Feynman shows in his Lectures on physics, Volume 2, Section 5.10 that in a hollow conductor there can be no electric fields inside the cavity. But he also says that no static charge distribution Q inside a hollow conductor can produce electric fields outside the conductor, that shielding also works the other way. But how can that be? The flux through a gaussian surface that surrounds the conductor is not zero but Q/ε.


1 Answer 1


Feynmann is right that no static charge distribution inside a hollow grounded conductor produces any field outside the conductor. As far as Gauss' law goes, because the conductor is grounded, i.e. there must be some small wire connecting it to a good earth, it is impossible to draw an arbitrary Gaussian surface that encloses the conductor which is not punctured by the grounding wire, so Gauss' law doesn't apply in the manner that you have applied it. Essentially, the system is not an electrostatic one, e.g. charges coming up from or going down to earth give the system an electrodynamical aspect that alters the considerations.

However, this does not mean that there is no field outside the conductor if the conductor is not grounded.

For example, consider a hollo spherical conducting shell with a point charge Q, at the center. Now the field lines from the point charge terminate on the inside of the conductor's surface and they are unable to pass through, however, they can and do force the free electrons in the conductor to rearrange themselves into a new equilibrium position, i.e. an equal and opposite charge -Q, is induced on the interior of the conducting surface. This is not, however, without the effect of the exterior of the conducting surface having a charge opposite, to the charge induced on its interior, viz. Q. It is this exterior induced charge that gives rise to the field exterior to the conductor and not the point charge inside.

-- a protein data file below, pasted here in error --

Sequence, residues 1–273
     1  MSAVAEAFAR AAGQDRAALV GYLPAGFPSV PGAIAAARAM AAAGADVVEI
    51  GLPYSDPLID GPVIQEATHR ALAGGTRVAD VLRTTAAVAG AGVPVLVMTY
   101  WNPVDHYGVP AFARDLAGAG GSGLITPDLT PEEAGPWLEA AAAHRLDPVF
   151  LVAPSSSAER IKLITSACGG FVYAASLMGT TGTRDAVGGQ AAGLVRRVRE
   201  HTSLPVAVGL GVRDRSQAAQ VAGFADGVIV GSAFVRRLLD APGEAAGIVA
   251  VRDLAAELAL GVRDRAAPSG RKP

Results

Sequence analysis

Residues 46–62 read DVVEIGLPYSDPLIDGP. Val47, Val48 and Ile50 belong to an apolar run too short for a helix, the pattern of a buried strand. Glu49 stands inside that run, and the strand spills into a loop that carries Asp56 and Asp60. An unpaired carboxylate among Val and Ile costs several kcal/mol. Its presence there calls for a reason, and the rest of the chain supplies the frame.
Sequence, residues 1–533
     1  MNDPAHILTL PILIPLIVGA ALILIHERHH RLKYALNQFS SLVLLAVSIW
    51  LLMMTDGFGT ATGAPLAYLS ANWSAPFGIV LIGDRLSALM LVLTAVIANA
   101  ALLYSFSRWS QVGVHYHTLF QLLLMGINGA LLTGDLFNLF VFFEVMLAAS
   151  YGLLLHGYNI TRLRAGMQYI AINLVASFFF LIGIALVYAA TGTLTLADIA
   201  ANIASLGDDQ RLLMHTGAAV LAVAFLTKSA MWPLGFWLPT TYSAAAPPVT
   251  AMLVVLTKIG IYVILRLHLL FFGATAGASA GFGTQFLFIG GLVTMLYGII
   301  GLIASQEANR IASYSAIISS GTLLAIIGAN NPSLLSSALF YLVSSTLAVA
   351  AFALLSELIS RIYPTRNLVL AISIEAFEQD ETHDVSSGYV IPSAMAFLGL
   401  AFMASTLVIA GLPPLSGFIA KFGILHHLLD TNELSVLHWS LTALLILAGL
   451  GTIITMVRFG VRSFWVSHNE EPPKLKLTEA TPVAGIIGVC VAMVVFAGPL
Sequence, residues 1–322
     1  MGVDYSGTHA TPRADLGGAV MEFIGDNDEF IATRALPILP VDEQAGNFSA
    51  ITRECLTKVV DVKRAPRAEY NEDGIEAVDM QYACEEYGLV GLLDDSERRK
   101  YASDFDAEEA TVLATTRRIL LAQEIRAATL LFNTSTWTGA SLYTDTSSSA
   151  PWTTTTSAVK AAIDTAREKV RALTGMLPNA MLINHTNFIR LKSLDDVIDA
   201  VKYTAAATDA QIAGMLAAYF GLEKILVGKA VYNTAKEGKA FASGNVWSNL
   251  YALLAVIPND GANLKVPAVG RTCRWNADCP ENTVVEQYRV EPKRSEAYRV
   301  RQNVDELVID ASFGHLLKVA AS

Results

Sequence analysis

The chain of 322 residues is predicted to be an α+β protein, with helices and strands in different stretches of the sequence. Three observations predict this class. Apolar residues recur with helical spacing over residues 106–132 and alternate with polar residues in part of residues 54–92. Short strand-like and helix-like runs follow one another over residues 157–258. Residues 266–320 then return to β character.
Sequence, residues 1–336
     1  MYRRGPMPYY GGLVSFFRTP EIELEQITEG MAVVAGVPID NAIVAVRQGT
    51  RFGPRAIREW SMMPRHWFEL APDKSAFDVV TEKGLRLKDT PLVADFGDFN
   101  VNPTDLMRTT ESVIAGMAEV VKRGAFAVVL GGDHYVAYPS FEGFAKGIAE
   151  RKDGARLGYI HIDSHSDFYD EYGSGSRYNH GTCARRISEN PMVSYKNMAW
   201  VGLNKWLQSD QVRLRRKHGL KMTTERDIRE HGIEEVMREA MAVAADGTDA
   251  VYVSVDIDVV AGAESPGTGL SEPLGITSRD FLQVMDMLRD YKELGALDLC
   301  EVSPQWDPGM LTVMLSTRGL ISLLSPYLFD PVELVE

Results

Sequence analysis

For the case of the spherical conductor, the field is equivalent to that of the point charge itself, however, for differing conductor geometries, the field will take on characteristics of the conductor geometry, with the overall (absolute) strength determined by the enclosed internal charge.

  • $\begingroup$ Thank you, I see now that I must look more into the details of what's happening with the charges in the conductor. $\endgroup$
    – Leif Dietz
    Commented Feb 27 at 17:15
  • $\begingroup$ @LeifDietz Please see my post again, I made crucial edits that better answer your question, I went to check up on Feynmann's lectures. $\endgroup$ Commented Feb 27 at 17:18
  • $\begingroup$ @LeifDietz Gauss' law doesn't apply in the case of a grounded conductor as given in Feynmann's lecture. $\endgroup$ Commented Feb 27 at 17:19
  • $\begingroup$ @LeifDietz You could apply Gauss' law if you also included all the charges in the earth or ground, however, then your paradox wouldn't exist. $\endgroup$ Commented Feb 27 at 17:21
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    $\begingroup$ @LeifDietz Yes, the flux would be proportional to the sum of the internal charge, plus what ever external charge was added. Of course if the conductor was grounded as in Feynmann's example, any charge added would be leaked away to ground. $\endgroup$ Commented Feb 27 at 17:30

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